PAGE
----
I didn’t want to go home. Although I find  something creepy about the thought of living on a tiny island with no connection to the mainland other than a boat, I thought it would be worth it. Ninety-five beaches and some of the best vineyards in New Zealand? I may be a bit paranoid, but I’m not completely ridiculous.



Yes, I know not everyone who has a DSLR qualifies as a real “photographer”.

But, despite my lack of talent, I still had the privilege of being the photographer at an engagement party on the weekend! I had never done something like that before and I’d by lying if I said I wasn’t a bit apprehensive about it at first. Although I’ve had my DSLR for almost two years now (and taken one beginner’s photography class), I haven’t been practicing all that much. I think I’ve used it twice since moving to New Zealand. But seeing as how “Improve my photography skills” is on my life to-do list, I saw it as the perfect opportunity to put what I’ve learned to good use.

It was such a fun night and I thoroughly enjoyed being able to interact with almost every person in the room (and there were quite a few party guests there to interact with!). I’m not sure what was going on with my voice though, because I was asked several times if I’m Irish? Maybe I had gone into character. And there were times when I felt like a creepy stalker (getting those “casual, unsuspecting” shots). But by the end of the night I had embraced it and for kicks, I  was hiding behind a curtain and peeking out to take pictures. (I’m sure this made some people uneasy, but it was at least entertaining to myself and a few others. Heehee.)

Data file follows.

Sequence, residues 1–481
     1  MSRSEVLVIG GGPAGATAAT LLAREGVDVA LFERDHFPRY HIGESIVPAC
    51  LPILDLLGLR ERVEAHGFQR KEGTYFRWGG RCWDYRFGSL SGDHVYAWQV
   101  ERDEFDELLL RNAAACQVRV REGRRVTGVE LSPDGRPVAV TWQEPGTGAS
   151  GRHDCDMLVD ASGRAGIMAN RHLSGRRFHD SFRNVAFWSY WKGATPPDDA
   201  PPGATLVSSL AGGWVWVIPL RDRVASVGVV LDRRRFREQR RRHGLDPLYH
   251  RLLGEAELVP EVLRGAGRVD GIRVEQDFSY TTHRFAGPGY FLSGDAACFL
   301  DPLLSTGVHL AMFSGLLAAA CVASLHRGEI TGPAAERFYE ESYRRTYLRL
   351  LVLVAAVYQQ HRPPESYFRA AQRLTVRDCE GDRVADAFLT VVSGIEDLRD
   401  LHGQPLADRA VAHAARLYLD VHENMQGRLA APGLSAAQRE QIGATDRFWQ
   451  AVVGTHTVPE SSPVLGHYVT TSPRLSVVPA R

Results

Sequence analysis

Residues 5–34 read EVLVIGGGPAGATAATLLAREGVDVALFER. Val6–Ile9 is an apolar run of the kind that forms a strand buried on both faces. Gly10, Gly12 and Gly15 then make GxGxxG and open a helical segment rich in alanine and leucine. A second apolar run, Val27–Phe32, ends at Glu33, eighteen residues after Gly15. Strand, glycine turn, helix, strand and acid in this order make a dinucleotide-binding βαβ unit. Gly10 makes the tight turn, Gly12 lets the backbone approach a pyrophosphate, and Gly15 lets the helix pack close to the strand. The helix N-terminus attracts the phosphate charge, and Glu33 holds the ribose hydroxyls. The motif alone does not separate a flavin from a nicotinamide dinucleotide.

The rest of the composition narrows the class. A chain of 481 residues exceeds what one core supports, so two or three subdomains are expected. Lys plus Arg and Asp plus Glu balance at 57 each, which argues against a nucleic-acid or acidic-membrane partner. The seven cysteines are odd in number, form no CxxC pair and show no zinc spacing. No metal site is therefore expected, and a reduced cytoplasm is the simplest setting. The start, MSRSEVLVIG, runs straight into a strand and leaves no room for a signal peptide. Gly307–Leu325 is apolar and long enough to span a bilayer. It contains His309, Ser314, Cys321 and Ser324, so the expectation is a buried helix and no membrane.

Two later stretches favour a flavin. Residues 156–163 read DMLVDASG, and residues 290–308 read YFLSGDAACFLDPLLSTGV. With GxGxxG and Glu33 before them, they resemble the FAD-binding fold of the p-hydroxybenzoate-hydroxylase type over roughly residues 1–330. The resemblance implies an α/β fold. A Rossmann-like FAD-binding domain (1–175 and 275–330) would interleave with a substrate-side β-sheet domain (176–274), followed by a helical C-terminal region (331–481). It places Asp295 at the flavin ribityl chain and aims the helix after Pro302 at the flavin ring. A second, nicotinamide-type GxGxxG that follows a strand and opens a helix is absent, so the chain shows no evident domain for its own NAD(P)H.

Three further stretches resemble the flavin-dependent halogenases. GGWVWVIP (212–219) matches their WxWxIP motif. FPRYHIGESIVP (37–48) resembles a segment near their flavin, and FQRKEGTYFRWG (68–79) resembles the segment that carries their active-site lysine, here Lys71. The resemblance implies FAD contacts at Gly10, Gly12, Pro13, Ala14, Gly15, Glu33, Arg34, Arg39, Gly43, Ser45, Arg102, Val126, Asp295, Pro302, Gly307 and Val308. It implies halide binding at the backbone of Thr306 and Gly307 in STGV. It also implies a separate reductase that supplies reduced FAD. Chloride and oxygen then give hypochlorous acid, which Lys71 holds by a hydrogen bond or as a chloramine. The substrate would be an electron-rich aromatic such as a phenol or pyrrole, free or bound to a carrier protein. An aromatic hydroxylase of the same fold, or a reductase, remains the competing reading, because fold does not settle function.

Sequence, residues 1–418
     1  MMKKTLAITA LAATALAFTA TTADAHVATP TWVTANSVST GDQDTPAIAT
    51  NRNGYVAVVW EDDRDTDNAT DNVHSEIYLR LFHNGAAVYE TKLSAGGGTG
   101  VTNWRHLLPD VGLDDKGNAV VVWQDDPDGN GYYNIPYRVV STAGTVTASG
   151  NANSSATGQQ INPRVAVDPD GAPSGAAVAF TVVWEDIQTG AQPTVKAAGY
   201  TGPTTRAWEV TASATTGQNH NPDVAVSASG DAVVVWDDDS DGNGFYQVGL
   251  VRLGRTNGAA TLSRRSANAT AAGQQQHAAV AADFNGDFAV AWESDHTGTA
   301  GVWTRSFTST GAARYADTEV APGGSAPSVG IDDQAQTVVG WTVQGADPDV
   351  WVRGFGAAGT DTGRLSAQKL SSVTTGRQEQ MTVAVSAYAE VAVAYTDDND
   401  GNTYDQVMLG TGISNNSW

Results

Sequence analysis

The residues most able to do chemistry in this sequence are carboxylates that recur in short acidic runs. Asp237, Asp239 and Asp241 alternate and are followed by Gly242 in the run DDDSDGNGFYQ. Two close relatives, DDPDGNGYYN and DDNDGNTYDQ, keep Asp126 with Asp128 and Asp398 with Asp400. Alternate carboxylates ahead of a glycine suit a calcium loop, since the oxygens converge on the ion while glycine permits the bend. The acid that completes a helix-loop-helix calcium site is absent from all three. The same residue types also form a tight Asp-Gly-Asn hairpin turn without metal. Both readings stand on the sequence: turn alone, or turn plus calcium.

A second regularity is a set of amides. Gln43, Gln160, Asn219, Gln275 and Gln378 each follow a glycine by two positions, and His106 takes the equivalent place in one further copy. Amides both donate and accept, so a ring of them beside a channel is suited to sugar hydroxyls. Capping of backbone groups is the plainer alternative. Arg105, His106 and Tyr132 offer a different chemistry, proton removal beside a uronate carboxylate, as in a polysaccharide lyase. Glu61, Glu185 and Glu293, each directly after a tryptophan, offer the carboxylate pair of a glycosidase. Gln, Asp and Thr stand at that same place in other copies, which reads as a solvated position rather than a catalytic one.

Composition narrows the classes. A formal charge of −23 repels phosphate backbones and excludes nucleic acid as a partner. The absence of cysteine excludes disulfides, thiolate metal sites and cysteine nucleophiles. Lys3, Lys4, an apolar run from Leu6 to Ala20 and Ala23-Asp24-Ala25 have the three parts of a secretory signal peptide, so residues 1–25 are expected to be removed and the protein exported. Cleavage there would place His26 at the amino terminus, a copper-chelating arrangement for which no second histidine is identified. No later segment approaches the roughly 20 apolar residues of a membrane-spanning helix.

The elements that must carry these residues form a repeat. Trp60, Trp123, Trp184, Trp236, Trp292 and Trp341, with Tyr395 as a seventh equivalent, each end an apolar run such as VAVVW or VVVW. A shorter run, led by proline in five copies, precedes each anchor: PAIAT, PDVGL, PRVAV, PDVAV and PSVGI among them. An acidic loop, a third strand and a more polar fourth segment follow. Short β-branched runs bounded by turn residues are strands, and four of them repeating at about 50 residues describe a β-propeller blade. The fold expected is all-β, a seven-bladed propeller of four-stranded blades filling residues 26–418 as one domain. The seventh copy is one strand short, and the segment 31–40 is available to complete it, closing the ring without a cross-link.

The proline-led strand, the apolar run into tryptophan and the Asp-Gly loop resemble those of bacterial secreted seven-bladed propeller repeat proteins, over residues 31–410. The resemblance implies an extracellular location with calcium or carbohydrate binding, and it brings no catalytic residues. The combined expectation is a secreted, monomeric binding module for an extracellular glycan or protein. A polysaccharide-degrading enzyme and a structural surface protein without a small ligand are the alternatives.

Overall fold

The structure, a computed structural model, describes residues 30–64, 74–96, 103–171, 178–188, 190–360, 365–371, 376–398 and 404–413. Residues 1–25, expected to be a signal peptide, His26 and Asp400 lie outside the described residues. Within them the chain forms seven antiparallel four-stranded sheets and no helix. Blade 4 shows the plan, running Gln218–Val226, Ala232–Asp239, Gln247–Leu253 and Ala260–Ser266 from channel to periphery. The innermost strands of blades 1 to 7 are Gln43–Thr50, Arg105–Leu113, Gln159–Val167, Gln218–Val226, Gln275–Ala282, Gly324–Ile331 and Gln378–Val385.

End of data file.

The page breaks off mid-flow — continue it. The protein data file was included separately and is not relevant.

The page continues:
My elation at holding a photographer position for all of six hours was quickly smothered when it came to the part of sorting and editing hundreds of photos though. I knew it was a time-consuming process, but whoa. Newfound appreciation for those whom photographize as their profession!

The whole experience has definitely inspired me to take my camera out more often and learn some new tricks.


A letter to my beloved Queenstown

Dear Queenstown:

We may have been apart for almost five years, but you welcomed me back with open arms. For five incredible days, I was charmed by the love spell you cast upon me and became even more enamoured with you.

I snowboarded down your beautiful mountains. I rode your gondola to take in sweeping panoramic views at sunset. I ate my way around town – Fergberger fed me three times alone! I took in as many Winter Festival events as I could. I think the Dog Derby was my favorite. People and dogs sliding/running down a ski hill amongst unsuspecting skiers and snowboarders? I was breathless from laughter and completely surprised there were no calamities. I met wonderfully like-minded people and drank with them in many of your fine drinking establishments. I slept more fitfully than I have in months.

To say I was sad to leave you again is a gross understatement. I feel like I’m home when I’m with you. But I will always remember the amazing time you showed me. And I promise I won’t be jealous if you see other people and show them an equally good time. Your love is the kind that needs to be shared. I cannot keep it all for myself.

I forewarn you though – I will be back for more. I won’t stop at my own sloppy seconds. I’m thirsty for thirds too!

You are forever in my heart.